It’s scary news, but the reality is that most parents-to-be underestimate the cost of having a baby. According to research, the cost of raising a child to 21 in the UK costs an eye-watering average of £231,843, with £11,498 of those costs hitting in the first year alone. Budgeting for a baby’s first year is therefore an essential part of the planning for baby. We’re here to make that budgeting simpler.
It Costs How Much?!
Firstly, don’t panic. This might be the average, and definitely warrants some preparations, but these costs are spread out, and there are always ways of being a savvy spender. What’s important is that you set a budget that you can afford, and work with that.
To begin with, your attention will likely turn to the practical costs of having a baby. There are several ‘upfront’ costs, such as the travel system, and cot. There are also some ongoing costs, such as nappies, which are estimated to cost you £260.89 during the first year, if you choose disposables.
These practicalities can be broken down into the following categories:
- Feeding: Whether you breast or bottle feed will affect these costs. For breastfeeding, you will need nursing-friendly clothing, and perhaps a breast-pump and bottles. For bottle-feeding, you will need all the required bottles and sterilising equipment, as well as the ongoing cost of formula. From six months onwards, you will also need to factor in the weaning costs, and a high chair. You’ll also need bibs, and plenty of muslins.
- Sleeping: Take care to choose your baby’s sleeping arrangements carefully. You are unlikely to need the whole list of: cot, cot bed, bassinet, moses basket, crib, and travel cot. Therefore, take care to choose which you think will work best for your family.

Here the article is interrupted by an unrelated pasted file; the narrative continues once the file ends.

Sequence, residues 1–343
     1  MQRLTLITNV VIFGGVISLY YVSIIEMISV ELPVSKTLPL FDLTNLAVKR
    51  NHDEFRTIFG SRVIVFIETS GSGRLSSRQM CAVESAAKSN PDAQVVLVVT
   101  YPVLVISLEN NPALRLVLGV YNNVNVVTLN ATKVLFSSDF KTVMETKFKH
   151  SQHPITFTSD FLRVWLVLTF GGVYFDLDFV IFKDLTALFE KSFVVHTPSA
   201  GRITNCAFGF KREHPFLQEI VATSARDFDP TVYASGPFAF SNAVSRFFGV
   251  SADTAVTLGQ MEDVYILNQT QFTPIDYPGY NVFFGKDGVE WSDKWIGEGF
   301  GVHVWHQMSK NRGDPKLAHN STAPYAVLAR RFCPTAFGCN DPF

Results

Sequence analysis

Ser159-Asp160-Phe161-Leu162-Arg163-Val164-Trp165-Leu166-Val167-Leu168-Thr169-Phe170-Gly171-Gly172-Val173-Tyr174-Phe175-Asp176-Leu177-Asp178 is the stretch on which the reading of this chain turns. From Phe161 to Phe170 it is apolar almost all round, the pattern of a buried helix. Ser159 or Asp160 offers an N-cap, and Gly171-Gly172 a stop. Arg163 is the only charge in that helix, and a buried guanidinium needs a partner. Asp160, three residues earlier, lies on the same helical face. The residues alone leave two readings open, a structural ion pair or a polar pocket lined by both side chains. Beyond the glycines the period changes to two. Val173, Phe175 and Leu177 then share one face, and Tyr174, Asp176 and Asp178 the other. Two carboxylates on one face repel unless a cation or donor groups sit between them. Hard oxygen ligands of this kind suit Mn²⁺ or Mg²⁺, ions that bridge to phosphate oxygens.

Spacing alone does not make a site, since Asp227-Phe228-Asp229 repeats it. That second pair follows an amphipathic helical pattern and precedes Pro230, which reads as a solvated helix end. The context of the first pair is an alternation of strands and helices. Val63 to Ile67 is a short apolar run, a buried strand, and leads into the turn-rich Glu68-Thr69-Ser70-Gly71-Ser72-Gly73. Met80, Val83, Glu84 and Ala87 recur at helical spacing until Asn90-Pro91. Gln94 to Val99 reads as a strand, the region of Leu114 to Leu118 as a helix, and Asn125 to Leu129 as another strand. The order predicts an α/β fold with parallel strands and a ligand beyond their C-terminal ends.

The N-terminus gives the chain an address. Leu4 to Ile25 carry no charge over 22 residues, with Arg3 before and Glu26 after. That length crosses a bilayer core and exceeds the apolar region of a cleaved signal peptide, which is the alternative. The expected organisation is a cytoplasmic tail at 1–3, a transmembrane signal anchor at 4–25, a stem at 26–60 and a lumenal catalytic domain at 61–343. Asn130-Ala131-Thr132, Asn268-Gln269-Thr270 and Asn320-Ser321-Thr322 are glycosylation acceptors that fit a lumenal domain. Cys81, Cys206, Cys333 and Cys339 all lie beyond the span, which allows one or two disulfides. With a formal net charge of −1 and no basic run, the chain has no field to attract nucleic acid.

- Transporting: Including slings, carriers, travel systems (complete pram/pushchair/car seat system), prams, and car seats.
- Changing: You will need changing mats, a changing bag, bedding, and of course plenty of clothes in appropriate layers. You may also want a bath support, or infant bath.
- Entertaining: To begin with, your newborn will need nothing more for entertainment than a cuddle with you. However, quite quickly you are likely to want to get your baby toys and mobile, play mats, and books. You’ll also need somewhere to ‘put baby down’, such as a bouncy chair.
The Big Whammy – Childcare
That’s before you factor in the baby books, photos, and other keepsakes you’ll want for baby’s first year.
The cost and practicalities of childcare is something that affects every single family. Even those who have a stay-at-home parent are losing out financially due to the lost earning potential. Working out a way to ‘work’ can be tricky. Parents spend an average of £70,000 per child on childcare alone. This is particularly a shock to the system for new parents.
Depending on how much maternity and paternity leave you plan to take as parents, childcare costs are most expensive under one. However, make sure you’re clued up on what help you can get with childcare costs.
The £231,843 figure given at the start of this article is for a UK child going through the state-funded education system. If you are planning to privately educate your child, expect a far heftier bill: Private school fees cost in the region of £10,000 per year, with variations depending on where you are, and which school you choose.
Once all of these fundamentals are in place, the first year is an important time to consider budgeting for a baby for the rest of their lives. The sooner you start making financial arrangements for their future, the easier this will be. There are two primary considerations you need to take here: protecting your income in the here and now, and saving for their future.
If you haven’t already got income protection, now is the time to sort this out. This is especially true if one of you is taking a career break whilst caring for your new baby.
Then you need to start considering the future costs of raising a child. You may feel that most of the expense comes in the first year, but in reality, children get more expensive not less, peaking at the time they fly the nest and need help with cars, deposits, and more. For small, regular savings you could consider starting a Young Saver Plan for your child. For larger regular amounts, which also includes financial help if your child is ill from school, then you should consider a Junior Money Maker.
The Bottom Line
The bottom line of budgeting for a baby is to be as prepared as you can. Raising a child will be one of your greatest ever expenses, but the rewards are immense. Get planning, and get confident with your baby-planning budget.